This week, several Supreme Court decisions will have profound effects on our nation’s future, and people of faith are speaking up.
Yesterday the court overturned key sections of Arizona’s SB 1070, the anti-immigrant law faith leaders fought because it subjects Latinos to harassment, discrimination and profiling. Unfortunately, the court didn’t strike down one of the most dangerous parts of the law – the “show me your papers” provision requiring law enforcement officers verify the immigration status of people they stop. Religious leaders responded by expressing disappointment that the ruling still allows racial profiling, but also commended the justices for striking down the other provisions.
Thursday, the justices will announce their verdict on the Affordable Care Act. The outlook isn’t good. In a survey of 21 top legal scholars last week, 19 said the law’s individual coverage mandate was constitutional based on legal precedent, but only eight thought the justices will uphold the law in its entirety. The potential consequences are grave. Access to health insurance for tens of millions of people, the stability of our healthcare system, and the fate of people with pre-existing conditions and serious illnesses hang in the balance. If the law is overturned or weakened, Republicans who fought for repeal of “Obamacare” face an immediate moral responsibility to pass policies that ensure no one is harmed because of their partisan agenda.
During the healthcare debate of 2009 and 2010, Faith in Public Life and key religious partners mounted a multifaceted campaign to provide quality, affordable health care for all Americans. Within hours of the public launch of our effort, the conservative Family Research Council called it an “anti-faith, anti-family, anti-freedom agenda.” Throughout the debate Republican leaders and the Religious Right relentlessly distorted the legislation, calling it a “government takeover,” claiming that it included “death panels” and alleging that it provided taxpayer funding of abortion.
By the time the law finally passed, pro-health reform faith leaders had generated scores of vigils, hundreds of visits to Congress, thousands of media hits, millions of prayers, and crucial rebuttals to the Right’s dishonest rhetoric. It wasn’t in service of a partisan agenda, it was in accordance with our belief that all people, created in the image of God, deserve medical treatment for the illnesses and injuries we all face over the course of life. This conviction leads us to pray that the Supreme Court does the right thing on Thursday, and spurs us to action if they don’t.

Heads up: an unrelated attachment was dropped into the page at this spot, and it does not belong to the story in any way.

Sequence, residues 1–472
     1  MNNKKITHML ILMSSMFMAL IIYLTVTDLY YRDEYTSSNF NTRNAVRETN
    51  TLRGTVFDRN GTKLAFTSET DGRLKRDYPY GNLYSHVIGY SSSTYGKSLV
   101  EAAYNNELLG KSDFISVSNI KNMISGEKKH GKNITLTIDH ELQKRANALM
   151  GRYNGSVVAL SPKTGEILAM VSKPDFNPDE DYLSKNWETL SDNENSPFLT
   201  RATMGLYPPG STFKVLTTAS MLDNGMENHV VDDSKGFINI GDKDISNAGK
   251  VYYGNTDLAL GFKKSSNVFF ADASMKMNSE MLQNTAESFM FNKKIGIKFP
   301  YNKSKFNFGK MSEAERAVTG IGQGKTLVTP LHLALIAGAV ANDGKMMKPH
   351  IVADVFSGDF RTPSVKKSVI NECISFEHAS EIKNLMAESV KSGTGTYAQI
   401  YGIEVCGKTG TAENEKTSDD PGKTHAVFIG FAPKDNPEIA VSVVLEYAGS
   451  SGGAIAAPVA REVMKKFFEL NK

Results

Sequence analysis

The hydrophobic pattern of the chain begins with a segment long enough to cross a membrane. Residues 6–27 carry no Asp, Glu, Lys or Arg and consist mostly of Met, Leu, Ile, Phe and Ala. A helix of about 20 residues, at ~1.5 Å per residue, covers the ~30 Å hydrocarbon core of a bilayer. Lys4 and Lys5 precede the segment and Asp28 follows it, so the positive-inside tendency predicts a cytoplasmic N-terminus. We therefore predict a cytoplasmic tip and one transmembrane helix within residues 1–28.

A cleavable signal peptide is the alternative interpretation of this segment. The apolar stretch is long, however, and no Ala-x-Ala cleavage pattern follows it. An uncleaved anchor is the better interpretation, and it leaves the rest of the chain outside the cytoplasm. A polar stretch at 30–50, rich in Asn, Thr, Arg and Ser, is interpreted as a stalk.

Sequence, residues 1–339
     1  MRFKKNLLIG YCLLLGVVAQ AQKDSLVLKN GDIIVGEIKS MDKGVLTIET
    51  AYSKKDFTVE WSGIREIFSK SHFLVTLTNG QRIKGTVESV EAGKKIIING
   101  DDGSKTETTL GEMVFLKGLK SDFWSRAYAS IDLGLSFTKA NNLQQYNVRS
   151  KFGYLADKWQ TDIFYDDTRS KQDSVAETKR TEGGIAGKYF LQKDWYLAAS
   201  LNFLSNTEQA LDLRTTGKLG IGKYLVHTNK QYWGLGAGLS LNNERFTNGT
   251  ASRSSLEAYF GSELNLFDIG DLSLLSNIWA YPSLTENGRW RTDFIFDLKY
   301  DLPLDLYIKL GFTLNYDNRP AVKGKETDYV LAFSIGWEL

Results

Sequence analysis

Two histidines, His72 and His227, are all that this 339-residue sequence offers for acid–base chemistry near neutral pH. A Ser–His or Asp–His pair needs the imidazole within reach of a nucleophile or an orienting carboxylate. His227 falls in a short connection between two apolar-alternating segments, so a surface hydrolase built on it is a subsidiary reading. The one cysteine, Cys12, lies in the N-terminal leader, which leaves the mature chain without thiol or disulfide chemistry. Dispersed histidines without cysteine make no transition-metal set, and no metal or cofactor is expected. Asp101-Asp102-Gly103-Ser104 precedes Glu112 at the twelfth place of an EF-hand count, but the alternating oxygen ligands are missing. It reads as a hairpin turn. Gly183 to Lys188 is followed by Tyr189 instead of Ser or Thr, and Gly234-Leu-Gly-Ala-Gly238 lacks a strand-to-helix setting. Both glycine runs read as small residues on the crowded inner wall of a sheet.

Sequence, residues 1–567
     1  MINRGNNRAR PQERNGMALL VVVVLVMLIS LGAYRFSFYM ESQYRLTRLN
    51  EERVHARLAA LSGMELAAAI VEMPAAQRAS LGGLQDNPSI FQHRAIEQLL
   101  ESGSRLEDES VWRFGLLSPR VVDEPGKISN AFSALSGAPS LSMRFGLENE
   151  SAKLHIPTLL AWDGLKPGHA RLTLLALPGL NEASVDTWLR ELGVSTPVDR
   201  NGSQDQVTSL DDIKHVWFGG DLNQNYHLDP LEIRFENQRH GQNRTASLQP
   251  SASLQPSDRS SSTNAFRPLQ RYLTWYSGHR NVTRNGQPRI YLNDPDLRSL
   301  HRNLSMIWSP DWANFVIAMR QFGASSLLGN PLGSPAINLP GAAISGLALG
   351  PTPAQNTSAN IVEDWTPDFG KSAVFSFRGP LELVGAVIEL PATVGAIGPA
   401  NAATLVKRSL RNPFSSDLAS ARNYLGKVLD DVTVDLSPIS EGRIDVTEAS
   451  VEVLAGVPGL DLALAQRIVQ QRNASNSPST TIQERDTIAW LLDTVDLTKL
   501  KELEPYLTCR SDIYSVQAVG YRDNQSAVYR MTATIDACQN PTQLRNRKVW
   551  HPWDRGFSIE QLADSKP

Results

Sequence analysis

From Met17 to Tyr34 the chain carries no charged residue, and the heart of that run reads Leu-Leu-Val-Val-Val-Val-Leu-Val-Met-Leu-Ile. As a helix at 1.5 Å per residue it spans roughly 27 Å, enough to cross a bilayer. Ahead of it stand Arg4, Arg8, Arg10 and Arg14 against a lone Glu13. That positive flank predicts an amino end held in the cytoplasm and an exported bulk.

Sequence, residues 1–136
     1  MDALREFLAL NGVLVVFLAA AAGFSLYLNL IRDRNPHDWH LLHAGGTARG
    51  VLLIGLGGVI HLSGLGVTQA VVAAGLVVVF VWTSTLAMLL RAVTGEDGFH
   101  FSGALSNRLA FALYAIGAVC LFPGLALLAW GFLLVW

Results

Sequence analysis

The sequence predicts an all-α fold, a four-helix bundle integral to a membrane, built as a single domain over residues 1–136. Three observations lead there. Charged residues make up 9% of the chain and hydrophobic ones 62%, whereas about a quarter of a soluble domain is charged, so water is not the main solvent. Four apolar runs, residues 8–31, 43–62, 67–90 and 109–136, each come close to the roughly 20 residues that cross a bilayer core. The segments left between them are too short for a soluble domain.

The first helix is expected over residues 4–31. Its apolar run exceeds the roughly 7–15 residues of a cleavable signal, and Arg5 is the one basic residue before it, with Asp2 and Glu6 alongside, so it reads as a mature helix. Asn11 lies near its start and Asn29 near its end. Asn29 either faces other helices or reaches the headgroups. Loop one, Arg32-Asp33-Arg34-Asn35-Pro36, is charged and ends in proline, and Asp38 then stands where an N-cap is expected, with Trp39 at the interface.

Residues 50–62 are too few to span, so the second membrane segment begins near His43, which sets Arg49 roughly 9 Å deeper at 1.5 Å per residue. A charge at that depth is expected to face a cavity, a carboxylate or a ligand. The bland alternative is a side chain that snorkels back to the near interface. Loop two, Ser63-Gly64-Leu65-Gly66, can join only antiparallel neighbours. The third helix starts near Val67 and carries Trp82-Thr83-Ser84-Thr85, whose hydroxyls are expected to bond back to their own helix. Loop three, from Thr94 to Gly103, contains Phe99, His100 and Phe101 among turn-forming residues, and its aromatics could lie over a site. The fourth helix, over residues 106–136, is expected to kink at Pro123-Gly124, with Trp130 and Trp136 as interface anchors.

“If they read what I read in the Bible, the Bible says you always obey the law”
Noticing that this statement contradicts a long history of religious activism, Unitarian Universalist minister Rev. Fred L Hammond wrote this response on his blog:
Governor Bentley is in need of some Bible lessons. If his statement is true, then Jesus would not have stopped the stoning of the woman caught in adultery because the law must always be obeyed. If his statement is true, then Jesus would not have healed on the Sabbath because the law must always be obeyed. If his statements are true then the Boston Tea Party in 1773 by the colonists would not have happened because the law must always be obeyed. If his statements are true, then the Declaration of Independence would never have been written or signed because the law must always be obeyed.
If his statements are true then Alabama’s Governor George Wallace’s statement of “Segregation now, Segregation tomorrow, and Segregation forever” would still be the law of Alabama because the law must always be followed. Thank God for people of conscience who recognize an unjust law and deliberately disobey to overturn that law.
If his statement is true then Paul, who authored the text that Governor Bentley is referring, would never have confronted the emperor regarding Christianity because the Christian faith was considered illegal, an act of treason. So even Paul did not believe one must always obey the law.
This statement of Bentley’s reveals that he has no understanding of his own faith tradition of Christianity. His own faith as a Baptist came about because people of conscience disobeyed the law. It was illegal to be of any other faith than Anglican when John Smyth declared his Baptist faith. But if Governor Bentley is correct that the Bible says you always obey the law, then his own faith is illegal, twice over because John Smyth broke the English law decreeing the Church of England as the one faith and the Church of England broke the law when it severed ties with the Roman Catholic Church over the doctrine of divorce–another law that according to Bentley’s argument must be obeyed. Remember that church law and civil law were one and the same in the time of the reformation. There was no separation of church and state.